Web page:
## Extraordinary Physics with Millisecond Pulsars

Scott Ransom

National Radio Astronomy Observatory

November 22, 2016

Scott Ransom

National Radio Astronomy Observatory

November 22, 2016

Emmanuel Abbe

Princeton University

November 28, 2016

The stochastic block model (SBM) is a random graph model with planted clusters. It has been popular to model unsupervised learning problems, inhomogeneous random graphs and to study statistical versus computational tradeoffs. This talk overviews the recent developments that establish the thresholds for SBMs, the algorithms that achieve the thresholds, and the techniques (genie reduction, graph splitting, nonbacktracking propagation) that are likely to apply beyond SBMs.

Thomas Church

Stanford University; Member, School of Mathematics

November 28, 2016

Representation theory over $\mathbb Z$ is famously intractable, but "representation stability" provides a way to get around these difficulties, at least asymptotically, by enlarging our groups until they behave more like commutative rings. Moreover, it turns out that important questions in topology/number theory/representation theory/... correspond to asking whether familiar algebraic properties hold for these "rings".

Orit Raz

Member, School of Mathematics

November 29, 2016

In this talk I will review some of the classical (and fundamental) results in the theory of graph rigidity.

Claude Viterbo

Ecole Normale Supérieure

November 29, 2016

We shall give a construction of the quantized sheaf of a Lagrangian submanifold in $T^*N$ and explain a number of features and applications.

Sobhan Seyfaddini

Member, School of Mathematics

November 29, 2016

After introducing Hamiltonian homeomorphisms and recalling some of their properties, I will focus on fixed point theory for this class of homeomorphisms. The main goal of this talk is to present the outlines of a $C^0$ counterexample to the Arnold conjecture in dimensions four and higher. This is joint work with Lev Buhovsky and Vincent Humiliere.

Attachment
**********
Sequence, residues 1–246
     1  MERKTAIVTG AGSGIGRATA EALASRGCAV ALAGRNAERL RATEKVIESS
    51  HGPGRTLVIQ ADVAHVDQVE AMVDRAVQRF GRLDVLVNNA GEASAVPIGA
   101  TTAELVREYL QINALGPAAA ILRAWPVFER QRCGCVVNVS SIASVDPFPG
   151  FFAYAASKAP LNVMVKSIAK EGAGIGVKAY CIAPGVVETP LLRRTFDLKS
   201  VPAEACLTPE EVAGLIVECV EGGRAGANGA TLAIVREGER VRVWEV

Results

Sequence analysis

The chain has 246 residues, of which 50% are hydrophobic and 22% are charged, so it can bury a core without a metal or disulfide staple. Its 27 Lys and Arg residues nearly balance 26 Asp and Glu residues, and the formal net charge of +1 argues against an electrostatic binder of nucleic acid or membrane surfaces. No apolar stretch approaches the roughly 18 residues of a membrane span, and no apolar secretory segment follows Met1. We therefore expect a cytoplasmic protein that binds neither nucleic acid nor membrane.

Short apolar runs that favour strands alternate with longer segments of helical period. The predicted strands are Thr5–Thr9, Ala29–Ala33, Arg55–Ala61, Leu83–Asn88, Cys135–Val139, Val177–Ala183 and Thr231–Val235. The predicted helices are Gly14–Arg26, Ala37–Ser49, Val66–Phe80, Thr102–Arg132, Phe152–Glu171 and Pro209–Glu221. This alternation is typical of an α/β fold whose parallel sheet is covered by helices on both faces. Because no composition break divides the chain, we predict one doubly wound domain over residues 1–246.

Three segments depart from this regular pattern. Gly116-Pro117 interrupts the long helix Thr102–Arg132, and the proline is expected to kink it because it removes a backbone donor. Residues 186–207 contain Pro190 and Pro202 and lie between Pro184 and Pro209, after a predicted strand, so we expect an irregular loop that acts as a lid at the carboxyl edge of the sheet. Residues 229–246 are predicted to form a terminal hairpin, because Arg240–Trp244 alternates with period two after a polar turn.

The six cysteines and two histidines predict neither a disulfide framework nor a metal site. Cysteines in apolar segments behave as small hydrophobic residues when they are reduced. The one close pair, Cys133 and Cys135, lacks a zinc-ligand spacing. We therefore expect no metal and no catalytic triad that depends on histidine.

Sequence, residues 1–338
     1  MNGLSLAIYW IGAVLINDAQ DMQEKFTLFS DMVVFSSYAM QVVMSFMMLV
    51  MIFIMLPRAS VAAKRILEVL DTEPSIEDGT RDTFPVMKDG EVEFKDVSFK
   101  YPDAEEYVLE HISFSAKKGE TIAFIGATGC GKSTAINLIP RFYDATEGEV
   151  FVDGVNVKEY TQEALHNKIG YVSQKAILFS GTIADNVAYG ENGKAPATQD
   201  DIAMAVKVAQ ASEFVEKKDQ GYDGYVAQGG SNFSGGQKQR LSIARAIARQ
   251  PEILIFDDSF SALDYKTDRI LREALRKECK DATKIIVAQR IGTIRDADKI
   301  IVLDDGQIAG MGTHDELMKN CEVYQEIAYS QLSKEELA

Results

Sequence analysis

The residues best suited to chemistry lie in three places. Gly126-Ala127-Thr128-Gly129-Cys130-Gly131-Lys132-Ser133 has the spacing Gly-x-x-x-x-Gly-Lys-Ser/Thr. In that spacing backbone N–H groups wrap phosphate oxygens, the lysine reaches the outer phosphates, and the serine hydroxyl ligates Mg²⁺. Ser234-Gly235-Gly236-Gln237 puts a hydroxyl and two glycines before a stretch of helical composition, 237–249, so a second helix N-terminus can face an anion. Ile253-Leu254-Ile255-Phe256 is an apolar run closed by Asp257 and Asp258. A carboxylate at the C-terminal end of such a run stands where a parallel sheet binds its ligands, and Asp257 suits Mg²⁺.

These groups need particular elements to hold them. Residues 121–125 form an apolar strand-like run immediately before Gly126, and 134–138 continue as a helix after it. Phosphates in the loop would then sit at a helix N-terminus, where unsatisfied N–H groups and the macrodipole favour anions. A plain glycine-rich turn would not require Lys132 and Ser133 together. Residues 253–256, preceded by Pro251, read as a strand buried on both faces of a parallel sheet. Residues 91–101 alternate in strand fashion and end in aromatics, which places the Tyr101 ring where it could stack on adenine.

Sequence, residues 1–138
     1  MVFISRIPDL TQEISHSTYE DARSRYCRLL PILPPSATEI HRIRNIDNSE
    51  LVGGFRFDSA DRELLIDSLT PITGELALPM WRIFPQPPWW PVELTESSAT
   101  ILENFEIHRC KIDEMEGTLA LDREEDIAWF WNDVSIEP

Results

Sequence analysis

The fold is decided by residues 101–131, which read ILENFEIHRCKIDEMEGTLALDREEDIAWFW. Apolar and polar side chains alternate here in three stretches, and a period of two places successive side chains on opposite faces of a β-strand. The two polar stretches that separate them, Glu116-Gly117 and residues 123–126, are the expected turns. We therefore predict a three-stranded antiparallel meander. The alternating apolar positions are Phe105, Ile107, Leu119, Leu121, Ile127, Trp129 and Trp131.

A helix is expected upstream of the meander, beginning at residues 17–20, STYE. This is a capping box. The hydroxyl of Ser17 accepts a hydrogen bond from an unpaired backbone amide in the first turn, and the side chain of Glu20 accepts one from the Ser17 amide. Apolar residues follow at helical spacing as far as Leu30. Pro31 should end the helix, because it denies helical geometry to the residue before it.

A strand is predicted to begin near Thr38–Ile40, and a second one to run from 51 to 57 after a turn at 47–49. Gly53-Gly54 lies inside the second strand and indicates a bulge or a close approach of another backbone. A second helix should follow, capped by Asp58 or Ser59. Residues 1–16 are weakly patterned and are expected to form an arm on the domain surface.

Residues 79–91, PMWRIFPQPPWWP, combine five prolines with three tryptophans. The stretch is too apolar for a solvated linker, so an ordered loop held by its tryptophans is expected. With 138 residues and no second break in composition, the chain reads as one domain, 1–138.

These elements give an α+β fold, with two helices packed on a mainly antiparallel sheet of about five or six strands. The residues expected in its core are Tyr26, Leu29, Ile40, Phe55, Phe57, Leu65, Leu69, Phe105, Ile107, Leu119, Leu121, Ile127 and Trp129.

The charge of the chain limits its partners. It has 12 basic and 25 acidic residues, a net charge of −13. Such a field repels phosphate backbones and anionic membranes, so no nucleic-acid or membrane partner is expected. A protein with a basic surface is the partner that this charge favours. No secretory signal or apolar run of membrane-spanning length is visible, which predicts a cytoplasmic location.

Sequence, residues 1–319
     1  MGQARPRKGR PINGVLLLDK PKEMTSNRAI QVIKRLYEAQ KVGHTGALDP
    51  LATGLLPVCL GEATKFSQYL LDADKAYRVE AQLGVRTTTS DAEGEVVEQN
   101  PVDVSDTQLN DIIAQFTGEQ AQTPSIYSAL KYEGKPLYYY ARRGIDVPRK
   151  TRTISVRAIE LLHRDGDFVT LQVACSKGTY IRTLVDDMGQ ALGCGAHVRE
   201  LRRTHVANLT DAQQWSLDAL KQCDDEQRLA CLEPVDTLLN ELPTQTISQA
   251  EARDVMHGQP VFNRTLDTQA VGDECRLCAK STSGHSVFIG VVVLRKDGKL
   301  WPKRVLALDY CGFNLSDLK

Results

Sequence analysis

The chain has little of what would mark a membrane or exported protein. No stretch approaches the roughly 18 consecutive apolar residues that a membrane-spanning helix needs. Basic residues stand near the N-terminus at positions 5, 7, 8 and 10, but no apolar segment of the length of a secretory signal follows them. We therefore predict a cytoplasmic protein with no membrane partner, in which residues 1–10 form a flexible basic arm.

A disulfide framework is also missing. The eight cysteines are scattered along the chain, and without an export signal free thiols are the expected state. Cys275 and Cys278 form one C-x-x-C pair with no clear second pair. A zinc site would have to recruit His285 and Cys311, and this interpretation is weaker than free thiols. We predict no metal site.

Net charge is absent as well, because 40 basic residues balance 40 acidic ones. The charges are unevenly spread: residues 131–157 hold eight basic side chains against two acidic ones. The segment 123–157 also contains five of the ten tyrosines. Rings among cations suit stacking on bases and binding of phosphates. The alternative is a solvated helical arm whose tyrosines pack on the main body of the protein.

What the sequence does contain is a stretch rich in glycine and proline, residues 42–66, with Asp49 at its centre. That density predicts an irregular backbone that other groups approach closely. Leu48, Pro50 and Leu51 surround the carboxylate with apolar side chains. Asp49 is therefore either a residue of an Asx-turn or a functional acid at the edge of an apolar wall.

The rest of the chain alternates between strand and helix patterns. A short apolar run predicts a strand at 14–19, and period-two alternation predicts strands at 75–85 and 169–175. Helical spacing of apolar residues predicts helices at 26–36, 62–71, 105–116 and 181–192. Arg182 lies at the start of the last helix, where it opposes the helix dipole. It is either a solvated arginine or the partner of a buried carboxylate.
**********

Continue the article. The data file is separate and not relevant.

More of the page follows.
Sheel Ganatra

Member, School of Mathematics

November 30, 2016

Noncommutative geometry, as advocated by Konstevich, proposes to replace the study of (commutative) varieties by the study of their (noncommutative) dg/A-infinity categories of perfect complexes. Conveniently, these techniques can then also be applied to Fukaya categories. In this mini-course, we will review some basic properties and structures in noncommutative geometry, with an emphasis on the notion of "smoothness" of a category and its appearance in topology and both sides of homological mirror symmetry.

Jean Bourgain

IBM von Neumann Professor, School of Mathematics

November 30, 2016

Marie-France Vignéras

Institut de Mathématiques de Jussieu

November 30, 2016

Let $F$ be a local field with finite residue characteristic $p$, let $C$ be an algebraically closed field of characteristic $p$, and let $\mathbf G$ be a connected reductive $F$-group. With Abe, Henniart, Herzig, we classified irreducible admissible $C$-representations of $G=\mathbf G(F)$ in terms of supercuspidal representations of Levi subgroups of $G$. For a parabolic subgroup $P$ of $G$ with Levi subgroup $M$ and an irreducible admissible $C$-representation $\tau$ of $M$, we determine the lattice of subrepresentations of $\mathrm{Ind}_P^G \tau$.

Sheel Ganatra

Member, School of Mathematics

December 2, 2016

Noncommutative geometry, as advocated by Konstevich, proposes to replace the study of (commutative) varieties by the study of their (noncommutative) dg/A-infinity categories of perfect complexes. Conveniently, these techniques can then also be applied to Fukaya categories. In this mini-course, we will review some basic properties and structures in noncommutative geometry, with an emphasis on the notion of "smoothness" of a category and its appearance in topology and both sides of homological mirror symmetry.